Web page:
Karen Joy Fowler is the author of nine novels and short story collections. While she is perhaps best known for her novel, The Jane Austen Book Club, a New York Times bestseller later adapted for the screen, she is also a leader in science fiction writing. Her most recent novel, We are All Completely Beside Ourselves, won the PEN/Faulkner award, and she is co-founder of the James Triptree, Jr. Award. Fowler graciously joined us in conversation via email, where we got a chance to ask her about the importance of place, researching for fiction, and more.
Hot Metal Bridge: If you had to pinpoint a few books that influenced you early on as a young reader, what would they be and why?
Karen Joy Fowler: My family were all great readers and it was that habit of reading, I think, that influenced me more than any particular book although of course I had my favorites. But then I don’t ever remember reading a book as a child and thinking that I didn’t like it. I liked them all. And that, too, has stayed with me. I read a lot and, to this day, I mostly like what I read. I never thought in terms of genre or category and I’ve continued with that as well. I didn’t have to escape into books like so many readers – I had a happy childhood – but I do remember having to be forced to put a book down because it was a sunny day, or it was dinnertime, or some other nonsense like that.
HMB: As a more or less life-long Californian, how much do you think place has played a role for you in terms of your storytelling?
KJF: Place is tremendously important to me as a reader and a writer, but I think this has less to do with living in California and more to do with growing up in Indiana and then moving. Moving at age eleven turned me from a participant into an observer. I was not happy about any of that, but I can’t imagine I would have become a writer without it.
HMB: Having published such a variety of fiction, have there been any mistakes you’ve made in your writing that have proven particularly instructive?
KJF: I try to make most of my mistakes prior to publication and there are no end of those. I have several writing workshops to catch things and then a very industrious editor to point out the rest. Mostly when I feel a mistake has made it into the final, now public version, it’s because I published prematurely. I was on deadline or imposed my own deadline and I didn’t think through the implications of some decision as carefully as I should have. So basically what I’ve learned is to not agree to deadlines and accept that my pace is a slow one. And then I don’t look back. I don’t reread my novels once they are out, so I assume that they are full of things I would do differently now, but I try to remember they were the best I could do at the time and not think about them again. (Which is no way to learn, is it? But makes my life more pleasant.)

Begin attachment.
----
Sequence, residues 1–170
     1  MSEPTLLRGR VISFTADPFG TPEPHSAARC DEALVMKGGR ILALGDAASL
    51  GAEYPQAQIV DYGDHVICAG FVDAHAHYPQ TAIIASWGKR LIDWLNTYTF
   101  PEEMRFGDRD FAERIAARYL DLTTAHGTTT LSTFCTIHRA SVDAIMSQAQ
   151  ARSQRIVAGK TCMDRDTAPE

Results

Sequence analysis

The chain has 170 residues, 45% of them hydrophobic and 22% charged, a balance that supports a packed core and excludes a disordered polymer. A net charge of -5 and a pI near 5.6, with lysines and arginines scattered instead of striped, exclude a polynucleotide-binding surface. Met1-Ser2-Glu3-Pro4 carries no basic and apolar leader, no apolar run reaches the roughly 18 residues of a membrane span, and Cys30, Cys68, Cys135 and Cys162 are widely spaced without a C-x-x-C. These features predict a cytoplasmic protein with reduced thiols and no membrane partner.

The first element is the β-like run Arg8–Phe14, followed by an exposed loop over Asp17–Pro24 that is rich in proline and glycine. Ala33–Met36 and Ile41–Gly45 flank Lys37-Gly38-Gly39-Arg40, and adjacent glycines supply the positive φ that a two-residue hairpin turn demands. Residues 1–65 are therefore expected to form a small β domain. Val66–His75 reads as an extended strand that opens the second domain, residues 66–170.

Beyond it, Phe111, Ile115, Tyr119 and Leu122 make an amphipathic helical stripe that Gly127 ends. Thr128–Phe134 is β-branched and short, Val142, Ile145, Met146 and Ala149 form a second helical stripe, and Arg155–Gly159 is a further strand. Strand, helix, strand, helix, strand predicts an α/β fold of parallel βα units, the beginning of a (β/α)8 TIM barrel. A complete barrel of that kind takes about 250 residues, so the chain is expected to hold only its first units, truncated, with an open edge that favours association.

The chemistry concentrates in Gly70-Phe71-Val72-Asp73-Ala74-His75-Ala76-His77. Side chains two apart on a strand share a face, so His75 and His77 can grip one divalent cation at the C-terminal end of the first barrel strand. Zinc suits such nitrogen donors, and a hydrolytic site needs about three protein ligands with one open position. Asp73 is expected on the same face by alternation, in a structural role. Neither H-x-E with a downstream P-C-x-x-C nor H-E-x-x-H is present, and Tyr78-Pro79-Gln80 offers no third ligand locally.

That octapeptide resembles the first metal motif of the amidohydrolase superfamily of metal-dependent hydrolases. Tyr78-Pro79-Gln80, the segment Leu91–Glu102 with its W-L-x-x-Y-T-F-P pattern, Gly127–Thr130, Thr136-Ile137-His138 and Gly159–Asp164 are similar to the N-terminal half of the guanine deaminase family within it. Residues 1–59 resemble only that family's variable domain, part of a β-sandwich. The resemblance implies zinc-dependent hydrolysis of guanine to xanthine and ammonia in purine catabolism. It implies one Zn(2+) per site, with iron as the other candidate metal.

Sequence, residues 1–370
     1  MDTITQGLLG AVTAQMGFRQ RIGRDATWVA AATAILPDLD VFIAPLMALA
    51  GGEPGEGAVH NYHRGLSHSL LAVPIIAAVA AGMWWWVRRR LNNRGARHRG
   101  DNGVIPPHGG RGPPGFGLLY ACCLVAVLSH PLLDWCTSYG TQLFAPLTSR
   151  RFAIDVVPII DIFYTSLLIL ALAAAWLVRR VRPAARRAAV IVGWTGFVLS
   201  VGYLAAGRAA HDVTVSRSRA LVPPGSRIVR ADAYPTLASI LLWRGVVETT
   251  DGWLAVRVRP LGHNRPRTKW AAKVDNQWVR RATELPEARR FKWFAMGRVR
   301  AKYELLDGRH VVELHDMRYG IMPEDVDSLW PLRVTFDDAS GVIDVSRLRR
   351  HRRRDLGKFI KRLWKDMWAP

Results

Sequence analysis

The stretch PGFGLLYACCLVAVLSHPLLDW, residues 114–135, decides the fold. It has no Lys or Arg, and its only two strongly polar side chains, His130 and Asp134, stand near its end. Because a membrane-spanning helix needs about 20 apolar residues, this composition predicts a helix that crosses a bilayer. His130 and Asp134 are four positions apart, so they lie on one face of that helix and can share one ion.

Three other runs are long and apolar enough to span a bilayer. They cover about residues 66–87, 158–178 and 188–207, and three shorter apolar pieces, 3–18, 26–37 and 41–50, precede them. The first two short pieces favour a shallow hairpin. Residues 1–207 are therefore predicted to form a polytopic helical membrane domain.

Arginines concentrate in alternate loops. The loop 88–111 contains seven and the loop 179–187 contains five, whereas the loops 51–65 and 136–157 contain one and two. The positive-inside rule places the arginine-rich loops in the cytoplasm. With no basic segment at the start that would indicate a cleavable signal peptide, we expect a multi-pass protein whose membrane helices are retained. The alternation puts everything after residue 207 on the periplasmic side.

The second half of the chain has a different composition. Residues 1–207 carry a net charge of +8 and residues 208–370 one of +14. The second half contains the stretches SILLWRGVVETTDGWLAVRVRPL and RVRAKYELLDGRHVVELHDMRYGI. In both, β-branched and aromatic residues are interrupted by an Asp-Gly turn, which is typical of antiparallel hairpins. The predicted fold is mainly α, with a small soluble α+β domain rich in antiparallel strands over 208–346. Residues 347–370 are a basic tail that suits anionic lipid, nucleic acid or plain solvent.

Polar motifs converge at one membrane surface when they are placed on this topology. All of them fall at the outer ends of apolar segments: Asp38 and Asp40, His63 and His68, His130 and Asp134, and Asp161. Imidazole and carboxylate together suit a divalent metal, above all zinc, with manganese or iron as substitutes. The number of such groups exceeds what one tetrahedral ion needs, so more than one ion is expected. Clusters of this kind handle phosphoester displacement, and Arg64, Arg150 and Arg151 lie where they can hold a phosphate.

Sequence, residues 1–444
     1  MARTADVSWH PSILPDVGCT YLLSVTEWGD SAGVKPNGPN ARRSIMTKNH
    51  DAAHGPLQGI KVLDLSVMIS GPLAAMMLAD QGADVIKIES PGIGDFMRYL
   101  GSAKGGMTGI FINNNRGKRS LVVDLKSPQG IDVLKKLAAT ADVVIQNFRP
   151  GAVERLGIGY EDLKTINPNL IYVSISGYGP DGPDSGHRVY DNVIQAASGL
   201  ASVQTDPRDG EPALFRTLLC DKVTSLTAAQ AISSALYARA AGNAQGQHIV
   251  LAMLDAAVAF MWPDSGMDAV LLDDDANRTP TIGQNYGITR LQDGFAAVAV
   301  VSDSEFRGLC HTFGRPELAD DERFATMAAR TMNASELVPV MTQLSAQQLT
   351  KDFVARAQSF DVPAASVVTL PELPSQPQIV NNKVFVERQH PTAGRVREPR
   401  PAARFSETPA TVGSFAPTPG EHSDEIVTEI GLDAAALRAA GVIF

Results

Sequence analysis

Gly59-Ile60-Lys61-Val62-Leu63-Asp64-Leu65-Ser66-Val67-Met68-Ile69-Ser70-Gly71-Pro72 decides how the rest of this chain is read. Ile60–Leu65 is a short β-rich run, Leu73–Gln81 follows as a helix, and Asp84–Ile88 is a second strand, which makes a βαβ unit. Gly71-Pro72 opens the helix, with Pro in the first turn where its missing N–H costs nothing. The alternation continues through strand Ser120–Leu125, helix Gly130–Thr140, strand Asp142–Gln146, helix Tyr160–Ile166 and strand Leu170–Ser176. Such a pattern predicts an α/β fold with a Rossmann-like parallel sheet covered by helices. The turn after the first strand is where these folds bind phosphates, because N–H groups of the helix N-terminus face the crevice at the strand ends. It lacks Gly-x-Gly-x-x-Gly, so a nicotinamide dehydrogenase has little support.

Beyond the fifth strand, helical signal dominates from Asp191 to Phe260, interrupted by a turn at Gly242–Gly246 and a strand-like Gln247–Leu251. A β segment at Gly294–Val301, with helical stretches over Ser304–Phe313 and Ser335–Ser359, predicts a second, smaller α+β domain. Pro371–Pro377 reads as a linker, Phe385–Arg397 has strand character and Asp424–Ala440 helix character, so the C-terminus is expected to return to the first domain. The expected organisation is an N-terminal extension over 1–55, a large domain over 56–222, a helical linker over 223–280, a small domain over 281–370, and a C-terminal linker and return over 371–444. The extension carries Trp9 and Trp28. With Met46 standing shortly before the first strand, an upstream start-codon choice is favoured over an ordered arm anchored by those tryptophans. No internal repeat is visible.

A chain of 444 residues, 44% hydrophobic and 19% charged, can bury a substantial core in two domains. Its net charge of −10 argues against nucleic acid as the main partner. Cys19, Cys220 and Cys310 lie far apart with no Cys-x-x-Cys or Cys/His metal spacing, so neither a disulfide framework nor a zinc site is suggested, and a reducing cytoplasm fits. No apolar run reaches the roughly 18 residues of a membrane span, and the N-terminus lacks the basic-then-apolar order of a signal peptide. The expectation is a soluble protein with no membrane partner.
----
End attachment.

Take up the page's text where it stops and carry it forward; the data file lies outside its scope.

HMB: How did it feel to see The Jane Austen Book Club as a movie? Do you think you’d want to try your hand at adapting any of your other works to the screen?
KJF: Seeing the book as a movie was simply strange. There were parts of the experience I loved and parts I didn’t, but I’m glad I had the experience, warts and all. No, I don’t want to adapt my own work. I’m certain I wouldn’t be good at that. I was lucky with The Jane Austen Book Club to have a single writer/director and more lucky that she was the brilliant Robin Swicord.
HMB: Your work has a great range–you’ve won awards for science fiction and fantasy writing, but also been nominated for prizes like the PEN/Faulkner. Do you find that it’s hard to shift between more speculative or genre fiction to writing something like We Are All Completely Beside Ourselves or Jane Austen Book Club?
KJF: Switching is not hard at all. They are all stories – some stories require different tools, but that’s true even for writers who stay inside a genre.
HMB: Your last novel, We Are All Completely Beside Ourselves, seems like it would have required a lot of research. As a fiction writer, what is the role research plays for you in general? Are you more inclined to want to tackle issues that you know less about, or more?
KJF: I’m inclined to tackle issues I want to know more about. One of the beauties of being a writer is the permission it gives you to follow whatever obsession currently has a hold on you for as long and as deep as you like. I love doing the research. Writing can be hard, but the research is nothing but a joy, no matter what the topic.
HMB: Can you share a bit about the project you’re working on right now, and maybe something you’ve learned from it so far?
KJF: It’s a historical novel. I was so swept away by Wolf Hall, but it turns out I am no Hilary Mantel. I guess there’s only one of those.